But the beauty of this Italian soup is that it is many things to many people, and it varies widely by season and geography. Some versions include rice instead of pasta, peas instead of (or in addition to) beans. In Liguria, they add that region's beloved pesto. No matter where it's made, the soup is inspired by what you've got on hand.
Minestrone is so popular, especially in plant-based-eating circles (and not just in Italy), that the latest one I love comes from two non-Italian sources. In their 2019 book "Vegan Everything" (The Experiment), Nadine Horn and Jorg Mayer apply such nice touches that their Winter Minestrone is just what I want to eat after a few weeks of holiday indulgences.
The vegetables include carrots, Swiss chard (with the ribs, for texture) and cabbage, the beans are cannellini or cranberry (a.k.a. borlotti), and the pasta is ditalini, those little tubes named for their thimble shape. But it's the spices - a small amount of cinnamon and an even smaller pinch of cloves - that make this cozy enough for any cold night.
ACTIVE: 25 minutes | Total: 45 minutes
This hearty minestrone is perfect for cold nights - and for using up the ends of vegetables in your fridge. Leave the ribs on the Swiss chard for some added texture.
- 1/4 cup extra-virgin olive oils
- 1 yellow onion, chopped
- 1 teaspoon dried thyme
- 1 teaspoon dried oregano
- 1 teaspoon kosher salt, or more as needed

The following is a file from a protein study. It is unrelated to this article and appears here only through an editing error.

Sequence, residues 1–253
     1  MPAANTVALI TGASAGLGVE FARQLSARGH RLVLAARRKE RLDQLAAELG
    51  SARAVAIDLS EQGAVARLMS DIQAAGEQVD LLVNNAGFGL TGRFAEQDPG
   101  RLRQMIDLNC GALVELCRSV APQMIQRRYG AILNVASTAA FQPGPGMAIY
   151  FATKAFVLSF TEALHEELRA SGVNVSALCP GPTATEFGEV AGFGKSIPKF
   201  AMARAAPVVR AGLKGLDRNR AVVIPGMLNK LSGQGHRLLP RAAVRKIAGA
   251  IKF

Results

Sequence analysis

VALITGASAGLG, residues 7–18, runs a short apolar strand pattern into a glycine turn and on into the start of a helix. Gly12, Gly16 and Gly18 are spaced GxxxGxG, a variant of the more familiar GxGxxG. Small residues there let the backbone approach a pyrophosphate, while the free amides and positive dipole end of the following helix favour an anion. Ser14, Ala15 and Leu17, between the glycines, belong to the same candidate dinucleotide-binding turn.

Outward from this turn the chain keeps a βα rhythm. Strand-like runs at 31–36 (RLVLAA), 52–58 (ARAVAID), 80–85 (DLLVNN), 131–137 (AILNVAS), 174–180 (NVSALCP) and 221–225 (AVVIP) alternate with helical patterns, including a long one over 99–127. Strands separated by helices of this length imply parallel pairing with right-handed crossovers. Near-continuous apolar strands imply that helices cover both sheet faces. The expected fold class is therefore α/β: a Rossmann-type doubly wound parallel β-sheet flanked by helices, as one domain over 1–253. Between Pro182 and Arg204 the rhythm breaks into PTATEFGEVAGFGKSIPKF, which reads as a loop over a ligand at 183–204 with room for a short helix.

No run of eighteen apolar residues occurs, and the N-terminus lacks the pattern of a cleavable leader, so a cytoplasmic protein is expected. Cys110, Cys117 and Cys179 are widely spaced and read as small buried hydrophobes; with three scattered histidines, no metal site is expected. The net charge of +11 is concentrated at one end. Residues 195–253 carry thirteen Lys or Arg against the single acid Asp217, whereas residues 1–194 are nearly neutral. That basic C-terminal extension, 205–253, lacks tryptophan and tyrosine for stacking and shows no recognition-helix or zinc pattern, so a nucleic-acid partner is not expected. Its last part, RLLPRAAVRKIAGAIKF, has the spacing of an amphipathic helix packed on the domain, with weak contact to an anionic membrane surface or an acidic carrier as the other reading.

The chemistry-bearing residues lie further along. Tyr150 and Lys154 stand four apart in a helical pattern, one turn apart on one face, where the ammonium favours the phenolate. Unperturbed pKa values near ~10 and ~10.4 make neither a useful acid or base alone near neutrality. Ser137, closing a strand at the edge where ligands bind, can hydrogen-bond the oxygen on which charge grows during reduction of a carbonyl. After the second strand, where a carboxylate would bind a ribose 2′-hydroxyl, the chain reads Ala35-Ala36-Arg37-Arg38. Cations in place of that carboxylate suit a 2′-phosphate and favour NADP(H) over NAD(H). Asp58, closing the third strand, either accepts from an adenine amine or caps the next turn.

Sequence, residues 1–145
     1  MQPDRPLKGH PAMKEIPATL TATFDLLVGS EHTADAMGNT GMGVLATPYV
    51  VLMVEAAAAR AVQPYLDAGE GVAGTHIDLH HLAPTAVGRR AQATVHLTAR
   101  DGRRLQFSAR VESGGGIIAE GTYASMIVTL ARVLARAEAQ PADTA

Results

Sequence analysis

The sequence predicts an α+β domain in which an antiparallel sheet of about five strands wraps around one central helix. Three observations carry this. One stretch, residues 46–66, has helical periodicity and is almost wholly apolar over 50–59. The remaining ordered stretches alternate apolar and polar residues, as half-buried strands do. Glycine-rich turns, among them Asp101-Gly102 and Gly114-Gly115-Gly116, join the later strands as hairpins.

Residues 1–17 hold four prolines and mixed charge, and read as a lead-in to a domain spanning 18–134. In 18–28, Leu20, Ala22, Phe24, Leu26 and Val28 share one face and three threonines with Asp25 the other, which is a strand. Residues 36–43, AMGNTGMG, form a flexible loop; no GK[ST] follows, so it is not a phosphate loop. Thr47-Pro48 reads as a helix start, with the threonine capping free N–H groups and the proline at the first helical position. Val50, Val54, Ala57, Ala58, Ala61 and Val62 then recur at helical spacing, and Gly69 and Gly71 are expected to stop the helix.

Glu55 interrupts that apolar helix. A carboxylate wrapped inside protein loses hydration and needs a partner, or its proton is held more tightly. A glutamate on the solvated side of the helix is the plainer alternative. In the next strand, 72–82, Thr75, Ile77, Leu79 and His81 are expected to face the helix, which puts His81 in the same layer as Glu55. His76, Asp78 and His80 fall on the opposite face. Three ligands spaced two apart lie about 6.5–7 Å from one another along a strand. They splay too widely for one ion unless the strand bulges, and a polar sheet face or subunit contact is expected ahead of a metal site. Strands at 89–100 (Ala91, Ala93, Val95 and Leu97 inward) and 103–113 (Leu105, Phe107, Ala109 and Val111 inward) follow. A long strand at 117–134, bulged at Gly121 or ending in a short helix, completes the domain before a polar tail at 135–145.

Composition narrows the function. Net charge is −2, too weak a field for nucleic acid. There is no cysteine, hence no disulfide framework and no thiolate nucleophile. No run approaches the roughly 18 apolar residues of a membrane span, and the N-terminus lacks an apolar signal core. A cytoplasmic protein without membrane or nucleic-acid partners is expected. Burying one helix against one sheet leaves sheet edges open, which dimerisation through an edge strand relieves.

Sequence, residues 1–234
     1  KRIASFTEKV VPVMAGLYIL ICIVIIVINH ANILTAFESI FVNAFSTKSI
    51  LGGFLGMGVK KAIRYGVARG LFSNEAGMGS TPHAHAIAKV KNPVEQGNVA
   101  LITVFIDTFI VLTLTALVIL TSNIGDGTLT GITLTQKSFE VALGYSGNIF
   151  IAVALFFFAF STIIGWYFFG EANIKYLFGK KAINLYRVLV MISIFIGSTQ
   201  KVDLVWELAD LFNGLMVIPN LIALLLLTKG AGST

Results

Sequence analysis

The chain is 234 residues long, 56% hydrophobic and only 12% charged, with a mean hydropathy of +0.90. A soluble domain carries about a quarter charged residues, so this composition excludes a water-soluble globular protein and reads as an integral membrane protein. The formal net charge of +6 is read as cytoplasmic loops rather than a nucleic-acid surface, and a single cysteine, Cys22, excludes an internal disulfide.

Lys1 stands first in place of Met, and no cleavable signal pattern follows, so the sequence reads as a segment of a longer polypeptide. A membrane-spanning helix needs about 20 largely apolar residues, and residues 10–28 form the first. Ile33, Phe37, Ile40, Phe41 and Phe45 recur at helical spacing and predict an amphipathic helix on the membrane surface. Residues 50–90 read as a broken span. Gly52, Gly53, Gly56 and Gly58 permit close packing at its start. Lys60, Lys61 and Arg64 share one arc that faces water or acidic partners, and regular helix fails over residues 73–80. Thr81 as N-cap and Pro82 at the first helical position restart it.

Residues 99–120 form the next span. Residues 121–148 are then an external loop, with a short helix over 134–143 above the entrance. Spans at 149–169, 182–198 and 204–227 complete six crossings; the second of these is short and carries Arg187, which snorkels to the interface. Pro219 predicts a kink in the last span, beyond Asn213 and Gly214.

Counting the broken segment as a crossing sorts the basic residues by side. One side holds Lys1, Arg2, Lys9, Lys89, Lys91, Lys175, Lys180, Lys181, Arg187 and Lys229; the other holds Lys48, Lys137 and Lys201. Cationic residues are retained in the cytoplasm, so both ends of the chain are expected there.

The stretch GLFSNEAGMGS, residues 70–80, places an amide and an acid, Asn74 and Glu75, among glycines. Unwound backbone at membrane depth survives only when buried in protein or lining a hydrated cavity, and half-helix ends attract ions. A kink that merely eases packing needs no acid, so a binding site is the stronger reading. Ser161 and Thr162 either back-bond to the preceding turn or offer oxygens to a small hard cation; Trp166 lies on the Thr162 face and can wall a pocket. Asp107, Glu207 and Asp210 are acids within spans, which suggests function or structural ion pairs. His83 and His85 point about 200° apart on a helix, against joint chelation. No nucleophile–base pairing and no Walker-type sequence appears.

- 1/2 teaspoon freshly ground black pepper, or more as needed
- 1/2 teaspoon ground cinnamon
- 1/4 teaspoon ground cloves
- 1/2 bunch (5 ounces) Swiss chard, trimmed and thinly sliced
- 5 ounces cabbage, cored and thinly sliced
- 2 carrots, scrubbed and thinly sliced (2 cups)
- 5 cups homemade or no-salt-added vegetable broth
- One (14 1/2-ounce) can diced tomatoes
- 1 1/2 cups ditalini or other small macaroni
- One (14-ounce) can no-salt-added cannellini or cranberry beans, drained and rinsed
- 2 tablespoons red wine vinegar
In a large pot over medium-high heat, heat the oil until shimmering. Stir in the onion and cook, stirring, until translucent, about 4 minutes.
Stir in the thyme, oregano, salt, pepper, cinnamon and cloves, and cook until fragrant, 30 seconds. Add the chard, cabbage and carrots and cook, stirring frequently, until the carrots start to become tender, 8 to 10 minutes.
Stir in the broth, tomatoes and ditalini. Bring to a boil, then reduce the heat to low and cover the pot. Simmer until the ditalini are al dente and the greens are tender, about 20 minutes.
Stir in the beans and vinegar. Cook until the beans are heated through, about 3 minutes. Taste and add more salt and pepper, if needed. Serve hot.
Nutrition | Calories: 430; Total Fat: 16 g; Saturated Fat: 2 g; Cholesterol: 0 mg; Sodium: 490 mg; Carbohydrates: 63 g; Dietary Fiber: 9 g; Sugars: 14 g; Protein: 12 g.
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